The Senate released their updated version of the Better Care Reconciliation Act (PDF) yesterday, and all of our concerns remain the same. Read the Senate summary (PDF). The new version will still cut Medicaid by $772 billion, with an even more restrictive growth rate and deeper cuts starting in 2025. Fifteen million people will lose Medicaid. The bill also still eliminates the enhanced match for the Community First Choice Option, removes protections for people with pre-existing conditions, and allows waivers to eliminate essential health benefits, on top of adding a new provision to create separate insurance products for people with higher and lower health needs.
This new version of the bill has made NO improvements. Despite that, we’re hearing that Republicans who were undecided or even opposed to the previous version of the bill are now leaning toward voting YES. Republicans are reportedly becoming more unified around this new version, and we cannot let that happen!
The vote is expected to take place next week. That means that we have less than one week to fight this dangerous bill, and every single day counts. We need to make sure our Senators understand how dangerous this bill is for their constituents with disabilities. We need them to understand that we are literally fighting for our lives. And we have less than one week to make sure they hear us.
Call your Senators by dialing the Capitol Switchboard at (202) 224-3121.
Use Resistbot to have your texts turned into faxes, mail, or hand-delivered letters.
Find your Senator’s email address, Twitter handle, and other information through Contacting Congress.
Please see our previous alert for additional ways to take action. Every single one of us needs to keep the pressure on our Senators! Call often, send emails, keep protesting, and Tweet at GOP Senators; take action in every way you can!
We encourage everyone to reach out to their Republican Senators, but we have compiled a list of top priority Senators, including phone numbers for all of their offices, fax numbers, Twitter handles, and contact pages, as well as information for their healthcare staffers. Please utilize as many of these options as possible! If these are not your Senators, please make sure to reach out to everyone you know in their states!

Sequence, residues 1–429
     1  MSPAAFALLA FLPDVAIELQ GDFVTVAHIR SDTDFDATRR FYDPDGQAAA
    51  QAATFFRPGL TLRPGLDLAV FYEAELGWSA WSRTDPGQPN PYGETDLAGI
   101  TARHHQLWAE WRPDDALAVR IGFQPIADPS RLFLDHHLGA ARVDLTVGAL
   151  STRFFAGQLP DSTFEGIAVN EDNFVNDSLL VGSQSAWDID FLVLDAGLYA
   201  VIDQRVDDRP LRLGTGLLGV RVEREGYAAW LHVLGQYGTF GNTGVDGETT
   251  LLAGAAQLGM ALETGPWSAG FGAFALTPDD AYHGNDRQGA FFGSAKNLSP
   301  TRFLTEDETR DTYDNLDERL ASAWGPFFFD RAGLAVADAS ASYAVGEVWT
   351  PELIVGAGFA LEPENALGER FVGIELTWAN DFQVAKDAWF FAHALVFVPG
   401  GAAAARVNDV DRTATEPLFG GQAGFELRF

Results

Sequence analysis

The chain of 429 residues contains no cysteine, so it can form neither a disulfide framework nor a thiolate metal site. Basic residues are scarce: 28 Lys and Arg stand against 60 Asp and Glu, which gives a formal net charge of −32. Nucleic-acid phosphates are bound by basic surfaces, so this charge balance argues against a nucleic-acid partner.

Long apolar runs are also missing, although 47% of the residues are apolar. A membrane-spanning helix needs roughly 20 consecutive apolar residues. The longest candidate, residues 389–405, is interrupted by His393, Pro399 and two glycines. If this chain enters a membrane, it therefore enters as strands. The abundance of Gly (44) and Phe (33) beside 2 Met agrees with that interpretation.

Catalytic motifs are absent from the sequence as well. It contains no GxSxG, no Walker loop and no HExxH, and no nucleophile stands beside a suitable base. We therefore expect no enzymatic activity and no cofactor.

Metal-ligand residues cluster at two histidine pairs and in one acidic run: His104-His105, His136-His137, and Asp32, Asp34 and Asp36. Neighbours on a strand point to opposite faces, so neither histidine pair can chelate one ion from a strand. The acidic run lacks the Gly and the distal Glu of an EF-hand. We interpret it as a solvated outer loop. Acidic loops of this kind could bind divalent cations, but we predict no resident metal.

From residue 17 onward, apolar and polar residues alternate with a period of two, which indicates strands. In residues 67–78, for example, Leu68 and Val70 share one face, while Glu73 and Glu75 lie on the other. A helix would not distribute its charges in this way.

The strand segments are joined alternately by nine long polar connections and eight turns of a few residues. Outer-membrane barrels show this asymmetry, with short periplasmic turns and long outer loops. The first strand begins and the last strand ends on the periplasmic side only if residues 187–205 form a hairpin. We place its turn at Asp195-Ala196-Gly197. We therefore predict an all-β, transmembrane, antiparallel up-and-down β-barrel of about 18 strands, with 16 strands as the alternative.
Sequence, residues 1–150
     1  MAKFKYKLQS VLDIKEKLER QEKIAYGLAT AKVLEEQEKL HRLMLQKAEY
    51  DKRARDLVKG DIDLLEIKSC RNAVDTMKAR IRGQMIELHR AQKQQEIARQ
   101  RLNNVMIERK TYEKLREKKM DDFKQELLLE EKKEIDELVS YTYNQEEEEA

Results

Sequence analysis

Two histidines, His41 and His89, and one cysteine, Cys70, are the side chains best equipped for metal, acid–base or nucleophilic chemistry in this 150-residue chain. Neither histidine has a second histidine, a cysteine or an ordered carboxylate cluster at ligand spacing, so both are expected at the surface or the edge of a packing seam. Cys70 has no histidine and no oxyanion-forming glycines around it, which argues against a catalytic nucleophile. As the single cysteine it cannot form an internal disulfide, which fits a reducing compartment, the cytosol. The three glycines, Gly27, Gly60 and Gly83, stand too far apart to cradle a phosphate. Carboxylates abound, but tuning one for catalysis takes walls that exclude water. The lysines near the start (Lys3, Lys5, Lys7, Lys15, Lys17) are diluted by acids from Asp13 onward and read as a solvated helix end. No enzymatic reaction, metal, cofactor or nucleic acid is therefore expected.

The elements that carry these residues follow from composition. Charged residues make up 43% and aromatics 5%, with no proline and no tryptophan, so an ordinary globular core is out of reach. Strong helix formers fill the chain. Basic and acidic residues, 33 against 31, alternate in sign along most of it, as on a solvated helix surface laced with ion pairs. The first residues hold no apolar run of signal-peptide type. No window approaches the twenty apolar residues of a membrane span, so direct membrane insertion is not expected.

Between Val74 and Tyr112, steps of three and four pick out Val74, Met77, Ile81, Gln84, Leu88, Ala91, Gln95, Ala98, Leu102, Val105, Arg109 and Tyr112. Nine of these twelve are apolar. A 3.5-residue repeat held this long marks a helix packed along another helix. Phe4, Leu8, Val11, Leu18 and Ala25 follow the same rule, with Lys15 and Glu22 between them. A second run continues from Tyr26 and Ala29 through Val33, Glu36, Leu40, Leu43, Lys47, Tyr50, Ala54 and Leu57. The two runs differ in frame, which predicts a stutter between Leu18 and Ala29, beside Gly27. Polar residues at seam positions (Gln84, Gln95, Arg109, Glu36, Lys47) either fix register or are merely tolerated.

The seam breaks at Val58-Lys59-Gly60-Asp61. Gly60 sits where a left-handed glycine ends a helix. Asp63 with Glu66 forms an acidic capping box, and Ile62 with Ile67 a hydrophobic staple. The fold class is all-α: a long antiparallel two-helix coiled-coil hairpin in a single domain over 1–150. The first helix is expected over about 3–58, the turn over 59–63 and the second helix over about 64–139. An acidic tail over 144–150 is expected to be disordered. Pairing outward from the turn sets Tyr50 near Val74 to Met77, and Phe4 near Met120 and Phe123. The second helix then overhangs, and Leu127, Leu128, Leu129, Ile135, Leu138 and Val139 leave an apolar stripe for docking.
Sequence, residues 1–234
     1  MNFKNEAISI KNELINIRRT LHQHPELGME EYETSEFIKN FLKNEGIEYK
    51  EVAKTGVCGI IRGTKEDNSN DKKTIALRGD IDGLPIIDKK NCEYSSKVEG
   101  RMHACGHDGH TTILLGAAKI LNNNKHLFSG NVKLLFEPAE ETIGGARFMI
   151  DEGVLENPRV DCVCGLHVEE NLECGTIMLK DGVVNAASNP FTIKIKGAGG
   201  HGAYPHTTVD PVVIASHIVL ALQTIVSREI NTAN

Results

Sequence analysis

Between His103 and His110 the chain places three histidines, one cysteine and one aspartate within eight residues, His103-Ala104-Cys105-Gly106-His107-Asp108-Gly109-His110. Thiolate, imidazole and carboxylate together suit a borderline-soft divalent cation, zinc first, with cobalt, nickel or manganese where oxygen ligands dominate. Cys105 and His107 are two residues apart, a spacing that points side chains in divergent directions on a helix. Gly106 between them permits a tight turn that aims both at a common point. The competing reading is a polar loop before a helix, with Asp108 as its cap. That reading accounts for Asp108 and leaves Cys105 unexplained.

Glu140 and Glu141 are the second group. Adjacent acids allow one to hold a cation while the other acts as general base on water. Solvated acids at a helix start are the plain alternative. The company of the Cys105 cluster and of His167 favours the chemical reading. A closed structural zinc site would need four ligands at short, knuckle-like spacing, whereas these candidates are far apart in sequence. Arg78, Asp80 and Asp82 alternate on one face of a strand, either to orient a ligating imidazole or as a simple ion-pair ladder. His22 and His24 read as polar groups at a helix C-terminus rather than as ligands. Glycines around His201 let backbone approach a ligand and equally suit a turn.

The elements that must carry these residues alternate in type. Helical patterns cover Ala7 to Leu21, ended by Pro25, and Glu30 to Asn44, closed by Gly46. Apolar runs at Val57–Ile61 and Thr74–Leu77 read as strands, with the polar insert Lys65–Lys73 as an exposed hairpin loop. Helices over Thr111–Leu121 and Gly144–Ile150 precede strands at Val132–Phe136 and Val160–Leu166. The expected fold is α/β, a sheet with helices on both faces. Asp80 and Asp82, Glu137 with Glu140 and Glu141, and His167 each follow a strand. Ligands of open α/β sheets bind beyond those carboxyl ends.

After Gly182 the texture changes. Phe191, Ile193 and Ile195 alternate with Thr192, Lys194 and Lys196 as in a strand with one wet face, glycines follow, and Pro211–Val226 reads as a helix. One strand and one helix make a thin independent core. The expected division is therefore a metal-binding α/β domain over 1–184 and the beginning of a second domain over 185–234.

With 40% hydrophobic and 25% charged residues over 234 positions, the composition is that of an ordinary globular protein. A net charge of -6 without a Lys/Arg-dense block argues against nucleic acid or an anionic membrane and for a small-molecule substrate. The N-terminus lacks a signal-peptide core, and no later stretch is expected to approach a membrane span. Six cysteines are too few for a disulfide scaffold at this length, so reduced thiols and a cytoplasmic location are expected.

Darla Erwin: Medicaid’s future a life/death decision to disabled (Gazette)
By Darla Erwin
I am — like thousands of others in West Virginia — a person with a disability. I was born with cerebral palsy and need a power wheelchair to get around. I’m also a mother, a widow, and a daughter. My handsome son, Wesley, is in the military and serves in Iraq.
Like many other people with disabilities, I have created a full life for myself: I am becoming a court-appointed special advocate for abused and neglected children; I serve on several boards for disability organizations; and I am the co-coordinator of West Virginia ADAPT, a grassroots disability rights organization.
Also like so many other people with disabilities, I am only able to live this full, active life because of Medicaid. Medicaid pays for my wheelchair, for my medications and for the attendant who helps me get up in the morning and go to bed at night. Without these supports, I would be in a nursing home. Or, I would be dead.
The current congressional proposals to fundamentally change — and slash — Medicaid leave me terrified. The home- and community-based services that Medicaid funds for me — and 13,000 other senior and disabled West Virginians — could disappear. Completely. We will be left with no choice but to abandon our jobs, our families, our volunteer work. Many of us might be forced into nursing homes. Others would have family members who quit their jobs to care for us. Still others would die.
Three West Virginia Centers for Independent Living received 75 manual wheelchairs of various sizes for distribution to those in need. Brynn Hochman and her family from Los Angeles have been working with American Wheelchair Mission as part of a humanitarian Bat Mitzvah project. Initially they focused their efforts to bring wheelchairs to Vietnam, Africa, and Israel. They are now bringing their humanitarian efforts to Appalachia and have partnered with the CILS to identify individuals who need these chairs.
The Elkins office had a special guest! Former consumer, Jennifer, and her mother, Shirley, stopped by to say hello to the wonderful women of Elkins. Jennifer and Shirley came all the way from Wisconsin, where they moved a few years ago. Look at the smiles all around.